I was feeling validated, right to the core of my very being and it was overwhelming me. I became quickly obsessed as I tried to work it out. I got the accompanying BBC book written by Anne Choma, I booked a trip to Halifax to see all the Lister sights, I watched clips of the series on social media (P.S. Don’t tell my wife, but I also checked out both Suranne Jones’ and Sophie Rundle’s instagram accounts – yes, I created my own account for the sole purpose of doing this.) Heck, I even posted on the Facebook fan group – something I have never done before. I wasn’t myself. But at the same time I was. I was allowing myself to be exactly who I am, with nothing holding me back. My first ever public post – this programme just seemed to transform me, my confidence to express my innermost thoughts and my ability to just simply be me. If that isn’t empowering, I don’t know what is. (By the way my post received 231 likes and 60 comments… not bad considering I had never done it before! All comments were positive – how refreshing!)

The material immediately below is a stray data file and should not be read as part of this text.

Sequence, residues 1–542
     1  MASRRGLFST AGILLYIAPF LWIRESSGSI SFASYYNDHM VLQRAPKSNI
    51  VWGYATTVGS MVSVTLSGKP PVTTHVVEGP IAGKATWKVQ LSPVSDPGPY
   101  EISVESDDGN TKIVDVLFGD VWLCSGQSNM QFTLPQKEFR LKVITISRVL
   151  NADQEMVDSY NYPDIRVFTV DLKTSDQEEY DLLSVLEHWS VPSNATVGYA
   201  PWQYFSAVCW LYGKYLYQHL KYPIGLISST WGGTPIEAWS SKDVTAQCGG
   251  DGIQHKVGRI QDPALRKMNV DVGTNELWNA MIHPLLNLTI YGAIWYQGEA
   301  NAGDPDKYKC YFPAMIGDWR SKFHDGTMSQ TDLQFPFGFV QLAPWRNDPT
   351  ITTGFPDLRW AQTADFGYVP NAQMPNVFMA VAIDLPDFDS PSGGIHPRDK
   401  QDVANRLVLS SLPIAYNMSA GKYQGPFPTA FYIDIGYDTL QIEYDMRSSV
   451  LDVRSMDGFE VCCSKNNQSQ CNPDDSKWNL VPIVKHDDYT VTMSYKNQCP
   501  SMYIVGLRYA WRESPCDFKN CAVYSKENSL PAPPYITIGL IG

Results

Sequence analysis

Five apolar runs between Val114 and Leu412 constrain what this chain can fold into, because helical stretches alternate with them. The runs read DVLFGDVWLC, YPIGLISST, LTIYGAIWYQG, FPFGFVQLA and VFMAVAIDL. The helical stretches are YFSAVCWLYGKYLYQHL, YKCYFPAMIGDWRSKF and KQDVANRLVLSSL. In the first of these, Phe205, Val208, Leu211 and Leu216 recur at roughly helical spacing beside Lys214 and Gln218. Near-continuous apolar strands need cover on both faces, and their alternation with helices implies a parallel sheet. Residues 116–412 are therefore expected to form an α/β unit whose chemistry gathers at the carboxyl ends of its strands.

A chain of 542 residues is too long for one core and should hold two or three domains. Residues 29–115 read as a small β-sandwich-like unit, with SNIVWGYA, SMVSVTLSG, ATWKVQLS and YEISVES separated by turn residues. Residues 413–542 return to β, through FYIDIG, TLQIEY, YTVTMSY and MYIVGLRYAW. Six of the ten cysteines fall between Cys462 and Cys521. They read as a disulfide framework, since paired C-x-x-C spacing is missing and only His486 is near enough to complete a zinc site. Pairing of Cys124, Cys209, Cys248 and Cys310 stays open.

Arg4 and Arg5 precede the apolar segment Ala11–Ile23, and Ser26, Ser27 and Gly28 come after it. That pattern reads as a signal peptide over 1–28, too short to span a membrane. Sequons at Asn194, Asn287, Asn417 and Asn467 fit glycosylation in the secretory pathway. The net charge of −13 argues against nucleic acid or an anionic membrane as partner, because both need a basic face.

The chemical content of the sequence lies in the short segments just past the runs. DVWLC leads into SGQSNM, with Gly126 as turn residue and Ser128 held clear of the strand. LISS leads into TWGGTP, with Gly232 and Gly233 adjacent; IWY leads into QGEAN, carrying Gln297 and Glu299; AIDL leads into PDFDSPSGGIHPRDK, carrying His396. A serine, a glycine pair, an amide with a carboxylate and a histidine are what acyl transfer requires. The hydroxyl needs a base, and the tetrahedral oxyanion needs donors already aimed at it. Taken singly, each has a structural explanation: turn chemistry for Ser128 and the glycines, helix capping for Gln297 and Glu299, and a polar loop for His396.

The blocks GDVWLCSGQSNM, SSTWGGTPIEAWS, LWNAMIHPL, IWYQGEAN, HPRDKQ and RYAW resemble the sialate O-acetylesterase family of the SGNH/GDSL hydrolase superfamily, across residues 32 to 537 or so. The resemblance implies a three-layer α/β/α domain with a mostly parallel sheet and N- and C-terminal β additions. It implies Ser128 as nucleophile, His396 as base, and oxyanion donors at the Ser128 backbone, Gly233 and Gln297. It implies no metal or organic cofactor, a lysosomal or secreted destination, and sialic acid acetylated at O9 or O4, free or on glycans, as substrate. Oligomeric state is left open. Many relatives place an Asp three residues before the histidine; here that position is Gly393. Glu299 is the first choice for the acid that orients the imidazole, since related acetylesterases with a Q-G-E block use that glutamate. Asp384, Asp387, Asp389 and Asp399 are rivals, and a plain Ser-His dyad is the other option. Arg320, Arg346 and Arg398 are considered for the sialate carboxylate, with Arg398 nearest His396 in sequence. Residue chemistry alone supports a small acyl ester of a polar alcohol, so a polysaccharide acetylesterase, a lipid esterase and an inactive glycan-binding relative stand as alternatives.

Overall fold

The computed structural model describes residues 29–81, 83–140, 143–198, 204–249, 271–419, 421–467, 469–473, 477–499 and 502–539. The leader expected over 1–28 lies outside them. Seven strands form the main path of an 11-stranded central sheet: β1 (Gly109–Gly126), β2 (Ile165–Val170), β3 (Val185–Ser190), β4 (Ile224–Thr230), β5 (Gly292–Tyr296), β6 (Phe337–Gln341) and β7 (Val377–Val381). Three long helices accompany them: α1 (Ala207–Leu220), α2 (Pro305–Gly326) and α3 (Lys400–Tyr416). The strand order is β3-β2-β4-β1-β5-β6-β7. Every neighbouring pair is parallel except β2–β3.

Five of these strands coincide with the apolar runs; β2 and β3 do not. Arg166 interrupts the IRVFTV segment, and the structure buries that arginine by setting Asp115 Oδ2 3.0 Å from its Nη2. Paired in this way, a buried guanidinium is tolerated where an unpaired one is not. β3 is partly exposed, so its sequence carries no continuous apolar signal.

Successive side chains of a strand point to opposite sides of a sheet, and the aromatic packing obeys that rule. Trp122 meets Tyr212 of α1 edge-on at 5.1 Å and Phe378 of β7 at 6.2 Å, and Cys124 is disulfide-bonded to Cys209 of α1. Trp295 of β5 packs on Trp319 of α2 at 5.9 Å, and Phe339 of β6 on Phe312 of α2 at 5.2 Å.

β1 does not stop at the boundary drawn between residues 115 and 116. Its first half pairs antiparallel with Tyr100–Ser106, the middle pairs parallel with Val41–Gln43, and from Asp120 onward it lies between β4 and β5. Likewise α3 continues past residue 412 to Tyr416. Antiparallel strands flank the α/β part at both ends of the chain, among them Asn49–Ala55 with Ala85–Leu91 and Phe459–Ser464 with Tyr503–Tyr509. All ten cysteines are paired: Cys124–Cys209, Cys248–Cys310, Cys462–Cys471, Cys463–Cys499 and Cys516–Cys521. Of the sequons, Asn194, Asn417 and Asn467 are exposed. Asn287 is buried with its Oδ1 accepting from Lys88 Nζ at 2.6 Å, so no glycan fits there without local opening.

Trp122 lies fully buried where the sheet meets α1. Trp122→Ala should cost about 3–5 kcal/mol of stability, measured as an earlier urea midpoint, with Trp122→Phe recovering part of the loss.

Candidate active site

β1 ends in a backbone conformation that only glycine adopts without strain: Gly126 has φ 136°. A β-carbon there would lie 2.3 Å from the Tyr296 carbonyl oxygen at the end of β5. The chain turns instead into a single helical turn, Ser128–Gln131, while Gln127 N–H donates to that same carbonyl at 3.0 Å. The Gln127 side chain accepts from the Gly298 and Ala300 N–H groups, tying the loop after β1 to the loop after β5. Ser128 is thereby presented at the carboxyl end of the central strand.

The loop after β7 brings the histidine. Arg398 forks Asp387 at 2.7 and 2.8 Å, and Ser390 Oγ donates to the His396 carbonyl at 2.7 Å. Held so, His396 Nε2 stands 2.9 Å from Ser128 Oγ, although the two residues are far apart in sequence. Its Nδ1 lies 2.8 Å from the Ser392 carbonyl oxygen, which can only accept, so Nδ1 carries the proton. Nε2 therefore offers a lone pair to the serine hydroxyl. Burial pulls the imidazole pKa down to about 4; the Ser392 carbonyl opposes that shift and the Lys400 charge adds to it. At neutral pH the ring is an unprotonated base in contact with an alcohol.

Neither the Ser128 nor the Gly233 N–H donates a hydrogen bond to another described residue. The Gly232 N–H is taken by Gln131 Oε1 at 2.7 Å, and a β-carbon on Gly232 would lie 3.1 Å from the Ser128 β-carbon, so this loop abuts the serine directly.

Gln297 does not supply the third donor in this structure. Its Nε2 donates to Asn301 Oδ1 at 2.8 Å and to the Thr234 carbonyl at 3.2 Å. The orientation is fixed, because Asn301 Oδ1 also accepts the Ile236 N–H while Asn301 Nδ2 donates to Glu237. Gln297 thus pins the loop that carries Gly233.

This is where I have ended up. I am a woman married to another woman, living in a rural part of England. I am a teacher, my wife is a doctor. Together we have three small children (three-year-old twins and a one-year-old, all girls). This is me. Prior to Gentleman Jack, I was just doing my best – surrounding myself with very accepting family and friends, trying to remain positive and optimistic, but… at the back of mind, I was worried for my children. I would watch or read the news and feel scared – protests outside school gates, countries declaring homosexuality a sin, homophobic hate crimes. I would worry that my children might be bullied for having two mums, I would worry that they themselves would wish that they had a dad. Since Gentleman Jack, I have allowed myself to listen only to what I know is the truth – that all my children need is love. Plain and simple. Of course, I already knew this before but not with the same air of confidence behind me.